You're not doing a hit and run like if they've got a problem because maybe the technology is a little bit more advanced, they need additional support or something. You're not going to not answer the call because you absolutely believe that is the right solution for them. There's always a certain amount of onboarding, you welcome that person as a customer, that's right, I have a small analogy for this it's not a great one. I'm sure my dad is going to listen to this podcast at some point, be like oh goodness Jen, I can't believe you said this, but the one I like to think about is sometimes we're in quite a rush to do something, especially in the B2B space where it's another company it wants to purchase really fast, you're standing in this space where you think I don't want to be friction to that purchase, but equally I know that this company is going to have a terrible experience, if they don't go through probably quite a significant discovery process with us, it's frustrating. I like this to learning to drive a motorbike if you already have said a car driver's license, some people might think oh a motorbike is a bit of a new thing for me, I want to have some training, I want to have a little bit of coaching, then I know how to drive on the road I know the traffic signals, etc. or they might be a little bit like my dad, who loves to turn his hand to new things,
would say I've got a car license, I'm going to give this motorbike a go. Let's hope that nothing goes wrong, i would be the salesperson in that instance saying maybe we should just do a bit of practice and do a bit of training and onboarding before you give that motorbike ago. I can imagine your dad racing down the road on his motorbike, i think he would love it at the moment especially in this nice weather, but you're probably a bit bundled up in all the safety gear Definitely lovely, what is it about coaching that fires you up because I know that you love to develop your team what is it? I think it's lots of things really, funnily enough, I would have said that when I first got into sales, I didn't necessarily know that coaching was going to be my bag, the thing that I enjoyed so much, but I started to just really get a kick out of the people I worked with, watching them develop or really overcome a hurdle that was something that was grating on them for a long time.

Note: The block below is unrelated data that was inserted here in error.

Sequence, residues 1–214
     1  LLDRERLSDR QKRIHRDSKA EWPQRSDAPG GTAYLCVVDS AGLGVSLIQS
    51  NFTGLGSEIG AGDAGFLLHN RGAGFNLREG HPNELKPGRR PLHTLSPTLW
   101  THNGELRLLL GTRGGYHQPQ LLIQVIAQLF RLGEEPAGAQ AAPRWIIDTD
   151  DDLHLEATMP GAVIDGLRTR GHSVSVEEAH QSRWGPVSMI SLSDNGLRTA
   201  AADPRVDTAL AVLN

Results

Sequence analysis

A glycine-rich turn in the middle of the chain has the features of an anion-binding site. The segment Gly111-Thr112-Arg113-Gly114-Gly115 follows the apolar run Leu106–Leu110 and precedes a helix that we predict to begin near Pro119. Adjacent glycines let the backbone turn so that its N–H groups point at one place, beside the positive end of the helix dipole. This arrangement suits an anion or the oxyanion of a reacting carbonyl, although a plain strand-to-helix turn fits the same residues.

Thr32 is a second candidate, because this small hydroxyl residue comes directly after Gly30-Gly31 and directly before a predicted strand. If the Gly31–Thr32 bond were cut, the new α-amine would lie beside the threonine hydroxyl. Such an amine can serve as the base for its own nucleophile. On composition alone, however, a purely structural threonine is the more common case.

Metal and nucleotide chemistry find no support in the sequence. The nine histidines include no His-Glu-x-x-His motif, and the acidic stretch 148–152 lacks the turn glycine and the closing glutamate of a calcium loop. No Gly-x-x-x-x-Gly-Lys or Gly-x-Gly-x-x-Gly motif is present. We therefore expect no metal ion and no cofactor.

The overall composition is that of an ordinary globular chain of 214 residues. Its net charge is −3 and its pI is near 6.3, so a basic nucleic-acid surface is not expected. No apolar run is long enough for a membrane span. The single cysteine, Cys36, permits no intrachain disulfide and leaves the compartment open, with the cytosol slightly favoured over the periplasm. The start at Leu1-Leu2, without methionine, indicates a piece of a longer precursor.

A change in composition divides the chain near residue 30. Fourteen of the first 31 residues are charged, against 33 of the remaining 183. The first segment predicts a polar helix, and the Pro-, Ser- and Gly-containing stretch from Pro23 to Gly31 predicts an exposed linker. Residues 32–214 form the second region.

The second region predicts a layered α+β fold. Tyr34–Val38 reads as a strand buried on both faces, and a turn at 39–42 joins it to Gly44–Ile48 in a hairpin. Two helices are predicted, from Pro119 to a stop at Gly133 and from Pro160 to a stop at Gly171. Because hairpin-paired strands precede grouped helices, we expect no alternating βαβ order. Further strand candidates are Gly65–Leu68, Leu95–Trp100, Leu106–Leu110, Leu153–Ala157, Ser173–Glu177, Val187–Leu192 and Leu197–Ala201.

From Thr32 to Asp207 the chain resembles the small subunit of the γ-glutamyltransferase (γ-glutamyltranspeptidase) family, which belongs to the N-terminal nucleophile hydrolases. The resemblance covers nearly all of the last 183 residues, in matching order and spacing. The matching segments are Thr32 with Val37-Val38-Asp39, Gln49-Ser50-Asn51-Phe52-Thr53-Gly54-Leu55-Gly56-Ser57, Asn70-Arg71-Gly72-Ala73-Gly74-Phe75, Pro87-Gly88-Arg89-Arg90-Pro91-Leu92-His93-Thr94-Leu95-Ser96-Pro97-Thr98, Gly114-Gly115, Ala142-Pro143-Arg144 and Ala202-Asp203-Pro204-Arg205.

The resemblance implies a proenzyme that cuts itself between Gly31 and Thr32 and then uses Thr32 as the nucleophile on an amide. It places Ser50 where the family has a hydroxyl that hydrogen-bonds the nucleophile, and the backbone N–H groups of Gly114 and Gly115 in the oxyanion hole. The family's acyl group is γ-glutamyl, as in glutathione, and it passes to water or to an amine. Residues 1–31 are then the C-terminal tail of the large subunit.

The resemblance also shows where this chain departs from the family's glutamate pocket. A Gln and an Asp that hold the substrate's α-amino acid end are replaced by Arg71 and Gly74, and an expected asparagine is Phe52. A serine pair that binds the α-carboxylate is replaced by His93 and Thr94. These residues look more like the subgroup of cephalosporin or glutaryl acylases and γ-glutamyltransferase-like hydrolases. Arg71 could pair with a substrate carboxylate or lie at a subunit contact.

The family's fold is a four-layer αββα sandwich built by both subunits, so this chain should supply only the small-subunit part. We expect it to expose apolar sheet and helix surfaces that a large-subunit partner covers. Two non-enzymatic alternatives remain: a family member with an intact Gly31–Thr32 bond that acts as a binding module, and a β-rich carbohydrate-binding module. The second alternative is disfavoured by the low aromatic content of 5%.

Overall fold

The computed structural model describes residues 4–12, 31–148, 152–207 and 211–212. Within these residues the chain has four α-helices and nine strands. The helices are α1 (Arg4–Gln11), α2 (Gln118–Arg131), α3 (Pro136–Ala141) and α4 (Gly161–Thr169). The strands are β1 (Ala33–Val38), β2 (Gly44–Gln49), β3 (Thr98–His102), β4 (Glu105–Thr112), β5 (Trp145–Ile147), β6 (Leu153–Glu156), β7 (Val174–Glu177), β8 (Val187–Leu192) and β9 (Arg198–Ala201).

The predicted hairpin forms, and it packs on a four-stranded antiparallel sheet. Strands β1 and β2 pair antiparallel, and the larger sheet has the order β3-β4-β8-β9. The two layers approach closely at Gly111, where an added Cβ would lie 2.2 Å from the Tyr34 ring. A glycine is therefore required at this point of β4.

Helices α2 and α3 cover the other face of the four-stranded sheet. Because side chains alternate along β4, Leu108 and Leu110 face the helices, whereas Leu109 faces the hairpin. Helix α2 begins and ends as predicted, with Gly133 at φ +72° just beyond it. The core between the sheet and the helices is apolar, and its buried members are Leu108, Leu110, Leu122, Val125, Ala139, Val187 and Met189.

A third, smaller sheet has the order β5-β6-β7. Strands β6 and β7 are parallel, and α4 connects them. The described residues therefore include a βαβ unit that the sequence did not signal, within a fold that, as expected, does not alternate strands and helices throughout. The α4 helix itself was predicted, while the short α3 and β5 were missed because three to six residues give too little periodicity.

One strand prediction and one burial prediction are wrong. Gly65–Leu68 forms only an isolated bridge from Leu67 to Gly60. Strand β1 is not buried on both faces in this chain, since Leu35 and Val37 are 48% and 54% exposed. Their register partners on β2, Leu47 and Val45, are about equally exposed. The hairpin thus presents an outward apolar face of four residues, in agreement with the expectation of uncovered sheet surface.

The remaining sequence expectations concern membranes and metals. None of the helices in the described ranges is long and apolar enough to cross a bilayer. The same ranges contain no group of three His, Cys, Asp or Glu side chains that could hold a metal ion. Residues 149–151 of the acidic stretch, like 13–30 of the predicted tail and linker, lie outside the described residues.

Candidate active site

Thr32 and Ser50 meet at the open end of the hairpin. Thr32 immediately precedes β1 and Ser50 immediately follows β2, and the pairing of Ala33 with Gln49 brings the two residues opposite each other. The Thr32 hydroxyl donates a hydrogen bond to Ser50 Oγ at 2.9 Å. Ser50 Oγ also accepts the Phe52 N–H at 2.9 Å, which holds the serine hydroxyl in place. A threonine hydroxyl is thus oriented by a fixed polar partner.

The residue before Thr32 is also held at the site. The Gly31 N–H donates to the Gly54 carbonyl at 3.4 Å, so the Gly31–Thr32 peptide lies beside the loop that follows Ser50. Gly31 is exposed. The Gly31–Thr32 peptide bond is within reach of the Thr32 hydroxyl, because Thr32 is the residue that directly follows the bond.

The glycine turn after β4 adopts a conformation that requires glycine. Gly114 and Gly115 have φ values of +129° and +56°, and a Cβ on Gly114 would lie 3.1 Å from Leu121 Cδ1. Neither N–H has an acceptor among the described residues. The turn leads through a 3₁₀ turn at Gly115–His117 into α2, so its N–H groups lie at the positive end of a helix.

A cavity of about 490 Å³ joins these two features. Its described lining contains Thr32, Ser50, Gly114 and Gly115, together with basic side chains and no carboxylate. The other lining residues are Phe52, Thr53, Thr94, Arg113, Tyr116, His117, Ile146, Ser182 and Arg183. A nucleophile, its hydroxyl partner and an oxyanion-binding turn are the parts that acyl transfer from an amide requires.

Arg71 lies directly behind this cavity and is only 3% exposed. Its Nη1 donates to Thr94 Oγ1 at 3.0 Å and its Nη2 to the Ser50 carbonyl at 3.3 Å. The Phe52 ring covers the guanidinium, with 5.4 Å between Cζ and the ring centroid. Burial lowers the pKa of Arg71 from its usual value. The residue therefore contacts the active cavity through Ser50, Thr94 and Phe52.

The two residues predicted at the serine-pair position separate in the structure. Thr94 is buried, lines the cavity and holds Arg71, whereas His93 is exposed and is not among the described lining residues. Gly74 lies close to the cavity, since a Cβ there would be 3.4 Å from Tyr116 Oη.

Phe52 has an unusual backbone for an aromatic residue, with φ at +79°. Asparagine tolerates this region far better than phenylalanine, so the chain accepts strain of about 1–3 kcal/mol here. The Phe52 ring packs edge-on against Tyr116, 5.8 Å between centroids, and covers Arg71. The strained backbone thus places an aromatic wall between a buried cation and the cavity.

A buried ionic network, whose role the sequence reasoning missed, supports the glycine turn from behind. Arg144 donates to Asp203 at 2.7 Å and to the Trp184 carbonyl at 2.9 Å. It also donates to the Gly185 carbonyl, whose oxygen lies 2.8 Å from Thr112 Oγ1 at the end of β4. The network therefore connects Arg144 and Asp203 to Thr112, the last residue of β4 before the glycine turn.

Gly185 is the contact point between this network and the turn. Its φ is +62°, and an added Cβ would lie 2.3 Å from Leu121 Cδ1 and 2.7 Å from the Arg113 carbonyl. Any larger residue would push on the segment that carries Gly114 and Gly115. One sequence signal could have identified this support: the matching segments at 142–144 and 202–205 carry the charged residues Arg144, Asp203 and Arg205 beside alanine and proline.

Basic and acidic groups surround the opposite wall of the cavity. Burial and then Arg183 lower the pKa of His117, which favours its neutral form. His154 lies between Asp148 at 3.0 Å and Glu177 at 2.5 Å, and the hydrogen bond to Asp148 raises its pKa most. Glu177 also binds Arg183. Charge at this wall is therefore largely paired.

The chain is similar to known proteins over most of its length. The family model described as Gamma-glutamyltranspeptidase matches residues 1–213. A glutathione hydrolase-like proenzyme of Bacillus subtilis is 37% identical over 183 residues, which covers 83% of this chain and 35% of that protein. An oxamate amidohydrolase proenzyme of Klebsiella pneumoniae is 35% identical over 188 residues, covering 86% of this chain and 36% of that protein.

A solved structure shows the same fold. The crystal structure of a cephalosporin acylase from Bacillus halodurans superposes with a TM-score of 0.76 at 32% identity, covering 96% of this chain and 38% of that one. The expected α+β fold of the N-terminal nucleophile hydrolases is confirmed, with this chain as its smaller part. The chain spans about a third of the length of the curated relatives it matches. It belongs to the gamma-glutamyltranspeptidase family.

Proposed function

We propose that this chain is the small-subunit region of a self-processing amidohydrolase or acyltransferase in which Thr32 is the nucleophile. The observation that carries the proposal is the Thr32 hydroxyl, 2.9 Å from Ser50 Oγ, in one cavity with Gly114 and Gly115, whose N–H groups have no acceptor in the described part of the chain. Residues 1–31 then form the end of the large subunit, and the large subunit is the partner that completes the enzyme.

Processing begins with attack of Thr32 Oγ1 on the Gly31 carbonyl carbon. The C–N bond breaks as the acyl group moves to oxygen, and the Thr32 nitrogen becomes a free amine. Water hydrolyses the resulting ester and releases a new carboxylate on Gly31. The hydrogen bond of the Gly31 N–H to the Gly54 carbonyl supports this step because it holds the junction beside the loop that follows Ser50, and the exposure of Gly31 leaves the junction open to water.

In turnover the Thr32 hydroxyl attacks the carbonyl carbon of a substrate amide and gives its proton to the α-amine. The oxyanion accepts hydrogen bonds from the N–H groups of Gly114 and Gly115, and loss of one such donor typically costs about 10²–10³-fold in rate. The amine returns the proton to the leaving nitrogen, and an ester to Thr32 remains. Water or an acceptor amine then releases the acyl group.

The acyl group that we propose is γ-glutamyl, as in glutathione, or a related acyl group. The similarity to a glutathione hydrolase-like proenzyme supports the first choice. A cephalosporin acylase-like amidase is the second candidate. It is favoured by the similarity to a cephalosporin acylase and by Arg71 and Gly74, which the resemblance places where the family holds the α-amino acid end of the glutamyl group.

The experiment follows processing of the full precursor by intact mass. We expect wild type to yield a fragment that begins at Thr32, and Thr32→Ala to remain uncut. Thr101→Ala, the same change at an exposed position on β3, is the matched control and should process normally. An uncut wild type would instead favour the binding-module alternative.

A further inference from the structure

I decided to invest in going on a couple of training courses, I read a couple of great books which was amazing, I still cannot recommend more the book by Kim Scott Radical Candor because that is amazing coaching tips in there, that's just grown alongside the role. I think part of the reason I ended up in SDR management was I tended to work with a lot of grads, who were straight out of university. This really was a chance not just to impact what they were doing now but help coach them for the future as well. I hope a lot of my team would agree with me that many of the conversations we have, they're not just about them being successful at the company they're at the moment. But should they decide to move on or maybe move to
another country, take on another job, how could they be successful in a new role there as well? When you made the shift into sales? How did that actually happen? Almost by accident I will say, I had left the tower, I decided to take a bit of a sabbatical, I'd gone straight from education to work, I thought maybe I'll do the reverse, I'll earn a bit of cash, I'll travel around a bit ended up not traveling around a bit was helping out a few people at home, then decided what I think I might just move my industry around. There was probably a level of arrogance there that I'd done some operational leadership, because of just the place that I worked it didn't really translate very well on my CV, I thought what let's just see what industries are out there. I got the typical spiel Jen, you're quite a personable person, why don't you give sales ago? I was like I can do this, went to a couple of horrific interviews, my goodness I went to one of those sneaky interviews where they say it's a marketing job, it's a knock on the doors one that was a bit naughty. Then I went to a really amazing sales recruitment day, it was wonderful if anyone's looking for a company to help them support recruit SDRs thoroughly recommend BMS, they're a really great partner, they educate people throughout the day as well as get them on to interviews, I went through that process, I found my previous employer event, I had a great time working for that company, really grew up there through that SDR got to learn the business before moving into management Fantastic, that's where we met at Tert's event, it is at the end of women in leadership day, that's it absolutely, talking about women in leadership. Let's talk about diversity what's your view on because if we were having a big conversation about that, I'm really interested what's your view on diversity and in the sales industry, what do you think where we are, what more needs to be done? I definitely feel there are a lot more needs to be done but for me, diversity can just mean, many things I think depending on who you ask they might pinpoint a particular aspect, you may speak to one company, they'll say oh we need to have more women in sales but it can even be some stuff that's quite hidden like maybe we need to have more people, who didn't graduate from a university that went for apprenticeship programs, maybe we need people who come from a different part of the country or come from abroad.